Exhibition and performance space, artists’ hub, innovative arts programmer—since its inception 15 years ago, Disjecta has blossomed from a scrappy, word-of-mouth gem into a beloved Portland cultural institution. According to founder and executive director Bryan Suereth, Disjecta—which operates in a 12,000-square-foot former bowling alley in North Portland’s Kenton neighborhood—aims to “build ambitious programs, support artists, and engage audiences.”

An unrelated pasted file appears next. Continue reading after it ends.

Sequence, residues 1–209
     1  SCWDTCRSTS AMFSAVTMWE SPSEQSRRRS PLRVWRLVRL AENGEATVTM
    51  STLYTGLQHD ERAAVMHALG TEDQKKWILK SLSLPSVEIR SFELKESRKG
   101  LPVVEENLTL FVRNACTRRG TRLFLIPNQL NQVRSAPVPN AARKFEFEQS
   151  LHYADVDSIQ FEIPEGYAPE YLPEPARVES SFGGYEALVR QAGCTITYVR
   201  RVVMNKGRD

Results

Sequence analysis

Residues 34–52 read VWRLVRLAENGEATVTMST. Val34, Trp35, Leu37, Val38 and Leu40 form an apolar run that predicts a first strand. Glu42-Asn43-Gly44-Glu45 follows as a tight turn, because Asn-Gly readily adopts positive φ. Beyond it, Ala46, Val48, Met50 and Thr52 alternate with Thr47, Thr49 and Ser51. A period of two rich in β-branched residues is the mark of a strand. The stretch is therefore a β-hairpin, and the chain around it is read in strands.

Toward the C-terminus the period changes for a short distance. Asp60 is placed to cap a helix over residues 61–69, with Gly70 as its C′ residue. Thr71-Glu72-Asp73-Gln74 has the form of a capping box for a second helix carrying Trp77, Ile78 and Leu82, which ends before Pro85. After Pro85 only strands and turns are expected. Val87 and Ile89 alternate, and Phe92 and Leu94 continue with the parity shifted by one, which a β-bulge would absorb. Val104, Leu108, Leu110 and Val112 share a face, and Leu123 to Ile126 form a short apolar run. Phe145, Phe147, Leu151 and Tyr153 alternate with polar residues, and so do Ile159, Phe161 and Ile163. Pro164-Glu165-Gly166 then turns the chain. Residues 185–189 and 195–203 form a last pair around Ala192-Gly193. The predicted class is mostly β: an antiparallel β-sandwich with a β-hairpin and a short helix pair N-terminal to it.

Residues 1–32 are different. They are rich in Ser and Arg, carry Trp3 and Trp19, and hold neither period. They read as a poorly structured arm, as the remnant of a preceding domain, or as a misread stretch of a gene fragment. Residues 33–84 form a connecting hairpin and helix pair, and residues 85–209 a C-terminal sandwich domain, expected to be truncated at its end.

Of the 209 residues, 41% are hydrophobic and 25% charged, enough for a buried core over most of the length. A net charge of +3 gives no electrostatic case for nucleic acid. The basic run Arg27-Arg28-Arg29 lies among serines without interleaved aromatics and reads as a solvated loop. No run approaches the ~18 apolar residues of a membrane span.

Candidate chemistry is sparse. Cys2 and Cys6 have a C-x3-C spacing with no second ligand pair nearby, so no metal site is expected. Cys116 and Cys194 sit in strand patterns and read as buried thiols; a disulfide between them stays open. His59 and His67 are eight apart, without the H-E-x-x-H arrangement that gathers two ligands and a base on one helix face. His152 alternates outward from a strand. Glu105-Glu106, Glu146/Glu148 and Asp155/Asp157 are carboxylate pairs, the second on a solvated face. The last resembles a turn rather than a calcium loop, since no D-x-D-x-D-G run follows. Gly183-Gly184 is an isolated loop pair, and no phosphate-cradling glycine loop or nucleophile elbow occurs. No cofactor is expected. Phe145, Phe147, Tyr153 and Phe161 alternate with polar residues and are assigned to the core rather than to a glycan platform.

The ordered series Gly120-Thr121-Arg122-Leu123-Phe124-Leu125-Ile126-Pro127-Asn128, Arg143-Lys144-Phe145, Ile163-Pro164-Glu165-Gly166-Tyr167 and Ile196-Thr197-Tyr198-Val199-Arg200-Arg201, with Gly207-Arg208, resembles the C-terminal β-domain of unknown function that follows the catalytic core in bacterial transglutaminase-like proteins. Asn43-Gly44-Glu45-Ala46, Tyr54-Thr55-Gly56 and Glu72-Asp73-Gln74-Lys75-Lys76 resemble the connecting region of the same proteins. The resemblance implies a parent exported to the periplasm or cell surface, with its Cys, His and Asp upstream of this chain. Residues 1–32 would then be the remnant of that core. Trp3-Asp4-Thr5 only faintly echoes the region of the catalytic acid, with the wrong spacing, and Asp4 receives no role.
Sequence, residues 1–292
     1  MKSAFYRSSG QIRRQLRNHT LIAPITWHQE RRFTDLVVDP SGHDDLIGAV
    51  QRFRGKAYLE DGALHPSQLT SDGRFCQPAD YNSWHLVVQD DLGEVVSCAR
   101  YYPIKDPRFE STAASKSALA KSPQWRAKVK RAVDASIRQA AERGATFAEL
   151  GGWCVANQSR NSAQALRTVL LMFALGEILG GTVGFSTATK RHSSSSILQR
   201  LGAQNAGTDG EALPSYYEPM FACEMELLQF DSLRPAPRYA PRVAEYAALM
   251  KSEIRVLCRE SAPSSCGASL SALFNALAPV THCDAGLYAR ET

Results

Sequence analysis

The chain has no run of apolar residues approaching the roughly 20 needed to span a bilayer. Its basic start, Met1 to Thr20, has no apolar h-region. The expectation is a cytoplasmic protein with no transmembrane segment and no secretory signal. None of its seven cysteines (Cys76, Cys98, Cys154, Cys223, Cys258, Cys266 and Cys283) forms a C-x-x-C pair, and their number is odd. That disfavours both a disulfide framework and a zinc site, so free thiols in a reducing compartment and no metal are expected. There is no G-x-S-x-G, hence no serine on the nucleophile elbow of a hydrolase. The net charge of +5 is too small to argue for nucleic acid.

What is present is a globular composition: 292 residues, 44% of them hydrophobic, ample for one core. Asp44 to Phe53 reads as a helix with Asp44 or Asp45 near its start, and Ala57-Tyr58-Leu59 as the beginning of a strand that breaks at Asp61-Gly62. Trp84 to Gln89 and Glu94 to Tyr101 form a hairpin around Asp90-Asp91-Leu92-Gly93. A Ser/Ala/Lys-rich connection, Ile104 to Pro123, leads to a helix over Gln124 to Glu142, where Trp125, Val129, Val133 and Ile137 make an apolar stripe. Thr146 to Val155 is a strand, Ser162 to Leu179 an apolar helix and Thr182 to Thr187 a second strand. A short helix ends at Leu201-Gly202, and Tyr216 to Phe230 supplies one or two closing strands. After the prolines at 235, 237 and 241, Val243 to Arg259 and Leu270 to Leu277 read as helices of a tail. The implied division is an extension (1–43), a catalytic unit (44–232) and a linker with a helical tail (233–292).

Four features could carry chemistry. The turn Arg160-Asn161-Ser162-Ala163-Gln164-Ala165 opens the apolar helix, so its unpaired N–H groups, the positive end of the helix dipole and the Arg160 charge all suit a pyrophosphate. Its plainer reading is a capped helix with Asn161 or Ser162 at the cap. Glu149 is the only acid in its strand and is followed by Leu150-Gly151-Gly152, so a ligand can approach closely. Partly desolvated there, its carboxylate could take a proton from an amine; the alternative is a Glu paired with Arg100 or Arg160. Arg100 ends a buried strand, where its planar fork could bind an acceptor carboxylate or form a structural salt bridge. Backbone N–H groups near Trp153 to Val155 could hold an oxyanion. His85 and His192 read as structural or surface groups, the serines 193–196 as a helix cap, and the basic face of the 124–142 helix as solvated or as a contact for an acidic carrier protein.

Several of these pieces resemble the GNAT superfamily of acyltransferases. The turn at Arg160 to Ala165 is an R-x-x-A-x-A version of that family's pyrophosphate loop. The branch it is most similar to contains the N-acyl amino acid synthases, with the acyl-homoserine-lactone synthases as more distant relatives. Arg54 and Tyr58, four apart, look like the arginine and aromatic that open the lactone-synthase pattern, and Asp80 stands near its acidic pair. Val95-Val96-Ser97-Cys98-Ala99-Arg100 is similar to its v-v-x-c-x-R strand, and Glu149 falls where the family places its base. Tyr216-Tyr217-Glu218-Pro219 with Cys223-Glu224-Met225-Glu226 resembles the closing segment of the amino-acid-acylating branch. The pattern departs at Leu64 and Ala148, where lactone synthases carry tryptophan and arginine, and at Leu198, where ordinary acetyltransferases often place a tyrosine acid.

The nonprofit accomplishes this, in part, through its curator-in-residence program, in which arts tastemakers from elsewhere move to Portland for a year and program a full season of exhibitions. In 2010, Disjecta resurrected a Biennial of Contemporary Art, since then showcasing the most important contemporary art in Oregon, from Zachary Davis’s sculpture of connecting orbs, Baby Nils, to Kelly Rauer’s “choreographed experience” Locate. “Disjecta is conspicuous in both its vision and determination, and in the quality of the art that it presents to the community,” says City Commissioner Nick Fish, a longtime fan currently serving as the city’s arts commissioner. “Because of the creative spirit, because of the location, because of the leadership, and because of their feistiness—we’re all rooting for them to be successful.” We’ve joined the crowd.